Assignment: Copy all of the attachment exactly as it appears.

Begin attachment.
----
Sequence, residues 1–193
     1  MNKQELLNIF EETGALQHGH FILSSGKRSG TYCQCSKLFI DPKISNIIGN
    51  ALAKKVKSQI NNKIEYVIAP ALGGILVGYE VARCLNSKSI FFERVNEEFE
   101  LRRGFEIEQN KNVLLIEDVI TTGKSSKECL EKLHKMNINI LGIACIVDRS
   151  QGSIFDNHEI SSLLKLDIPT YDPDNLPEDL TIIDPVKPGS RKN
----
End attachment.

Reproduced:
Sequence, residues 1–193
     1  MNKQELLNIF EETGALQHGH FILSSGKRSG TYCQCSKLFI DPKISNIIGN
    51  ALAKKVKSQI NNKIEYVIAP ALGGILVGYE VARCLNSKSI FFERVNEEFE
   101  LRRGFEIEQN KNVLLIEDVI TTGKSSKECL EKLHKMNINI LGIACIVDRS
   151  QGSIFDNHEI SSLLKLDIPT YDPDNLPEDL TIIDPVKPGS RKN